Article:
The major benefit from the special category status was the generous Central assistance for plan purposes under the Gadgil-Mukherjee formula where 30 per cent of the assistance was earmarked to these States, 90 per cent of which was given as grants and 10 per cent as loans. However, after the recommendation of the Twelfth Finance Commission that the Central government should discontinue lending to the States and the latter should borrow from the market, funds earmarked for special category States were substantially reduced. With the Fourteenth Finance Commission assessing the total requirements of the States without making a distinction between plan and non-plan, the grants given under the Gadgil-Mukherjee formula for State Plan Schemes got subsumed in the formula for tax devolution and grants. Therefore, the benefit of higher Central assistance due to special category status simply does not exist anymore. Thus, the State gains immensely from the special package in addition to the transfers recommended by the Finance Commission.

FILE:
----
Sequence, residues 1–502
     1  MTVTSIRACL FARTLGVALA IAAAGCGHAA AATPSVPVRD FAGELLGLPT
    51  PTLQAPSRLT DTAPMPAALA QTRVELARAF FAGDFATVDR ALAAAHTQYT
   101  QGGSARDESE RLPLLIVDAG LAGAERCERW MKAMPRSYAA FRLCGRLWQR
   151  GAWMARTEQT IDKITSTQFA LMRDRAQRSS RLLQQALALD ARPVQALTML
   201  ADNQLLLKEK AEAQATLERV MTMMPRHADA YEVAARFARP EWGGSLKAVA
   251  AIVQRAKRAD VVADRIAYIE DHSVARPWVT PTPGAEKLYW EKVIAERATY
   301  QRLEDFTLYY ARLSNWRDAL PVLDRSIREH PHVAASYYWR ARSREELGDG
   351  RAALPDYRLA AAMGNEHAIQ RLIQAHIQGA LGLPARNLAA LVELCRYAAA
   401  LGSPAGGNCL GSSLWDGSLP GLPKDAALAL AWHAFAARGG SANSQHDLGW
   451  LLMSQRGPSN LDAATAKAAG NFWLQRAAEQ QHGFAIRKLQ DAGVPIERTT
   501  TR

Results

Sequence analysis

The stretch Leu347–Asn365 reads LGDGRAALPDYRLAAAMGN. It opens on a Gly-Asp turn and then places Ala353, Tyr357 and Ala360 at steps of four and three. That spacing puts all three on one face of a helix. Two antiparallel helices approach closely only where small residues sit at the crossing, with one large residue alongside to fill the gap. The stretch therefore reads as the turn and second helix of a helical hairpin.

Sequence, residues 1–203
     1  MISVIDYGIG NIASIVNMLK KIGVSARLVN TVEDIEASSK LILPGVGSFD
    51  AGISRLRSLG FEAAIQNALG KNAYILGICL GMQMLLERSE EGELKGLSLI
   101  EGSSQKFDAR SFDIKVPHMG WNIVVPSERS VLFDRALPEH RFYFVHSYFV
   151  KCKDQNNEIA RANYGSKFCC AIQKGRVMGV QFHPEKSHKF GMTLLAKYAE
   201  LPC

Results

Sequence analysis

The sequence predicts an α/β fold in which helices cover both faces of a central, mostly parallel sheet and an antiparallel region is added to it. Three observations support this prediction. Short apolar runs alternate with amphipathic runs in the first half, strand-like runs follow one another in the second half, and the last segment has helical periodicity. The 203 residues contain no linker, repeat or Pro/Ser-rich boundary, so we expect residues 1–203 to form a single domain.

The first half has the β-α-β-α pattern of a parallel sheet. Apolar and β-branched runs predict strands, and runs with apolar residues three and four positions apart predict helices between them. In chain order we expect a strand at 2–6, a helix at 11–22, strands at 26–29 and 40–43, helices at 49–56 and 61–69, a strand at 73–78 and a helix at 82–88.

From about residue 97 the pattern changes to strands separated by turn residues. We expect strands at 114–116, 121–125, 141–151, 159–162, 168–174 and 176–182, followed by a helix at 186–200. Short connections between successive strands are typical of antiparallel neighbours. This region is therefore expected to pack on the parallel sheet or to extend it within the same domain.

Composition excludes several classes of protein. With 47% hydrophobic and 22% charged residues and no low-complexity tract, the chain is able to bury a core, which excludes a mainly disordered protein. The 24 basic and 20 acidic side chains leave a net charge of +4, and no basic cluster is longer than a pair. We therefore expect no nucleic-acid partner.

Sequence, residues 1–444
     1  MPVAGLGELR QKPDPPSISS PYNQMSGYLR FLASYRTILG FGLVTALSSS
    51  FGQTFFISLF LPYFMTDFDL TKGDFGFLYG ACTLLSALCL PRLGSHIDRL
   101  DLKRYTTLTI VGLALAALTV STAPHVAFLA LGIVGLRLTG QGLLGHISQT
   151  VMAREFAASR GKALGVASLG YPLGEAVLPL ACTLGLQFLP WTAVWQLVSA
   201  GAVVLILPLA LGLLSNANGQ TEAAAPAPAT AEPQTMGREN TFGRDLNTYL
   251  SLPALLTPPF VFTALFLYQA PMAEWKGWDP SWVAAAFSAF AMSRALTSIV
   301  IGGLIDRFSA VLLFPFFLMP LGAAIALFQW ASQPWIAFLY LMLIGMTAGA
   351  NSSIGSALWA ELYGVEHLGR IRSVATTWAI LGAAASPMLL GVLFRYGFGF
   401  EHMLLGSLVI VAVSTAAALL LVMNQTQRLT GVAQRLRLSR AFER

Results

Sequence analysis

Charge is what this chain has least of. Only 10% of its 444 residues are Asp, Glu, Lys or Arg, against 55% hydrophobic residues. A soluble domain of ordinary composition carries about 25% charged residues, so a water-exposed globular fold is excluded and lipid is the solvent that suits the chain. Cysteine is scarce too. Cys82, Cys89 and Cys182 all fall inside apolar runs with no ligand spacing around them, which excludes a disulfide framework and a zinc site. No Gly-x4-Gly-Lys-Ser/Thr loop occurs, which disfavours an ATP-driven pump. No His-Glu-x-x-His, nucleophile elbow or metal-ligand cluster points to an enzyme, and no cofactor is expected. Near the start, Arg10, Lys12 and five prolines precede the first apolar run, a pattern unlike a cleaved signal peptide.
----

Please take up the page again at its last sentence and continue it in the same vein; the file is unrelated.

Boost for infrastructure One important benefit from the special category status is the income tax and excise duty exemptions on investments. This is meant to reduce the cost to the prospective investors who otherwise will have to suffer heavy infrastructure deficit, transportation cost and remoteness of markets. The case of Andhra Pradesh is surely not akin to that of north-eastern or Himalayan States and full income tax and excise duty exemption would result in flight of capital from Karnataka, Maharashtra and Tamil Nadu, creating distortions in resource allocation and disharmony between the neighbouring States. Nevertheless, the Central government has already legislated the tax incentives in terms of additional investment allowance and accelerated depreciation. The assistance package announced by the Central government is generous by any account and certainly more than what the special category status could have brought in.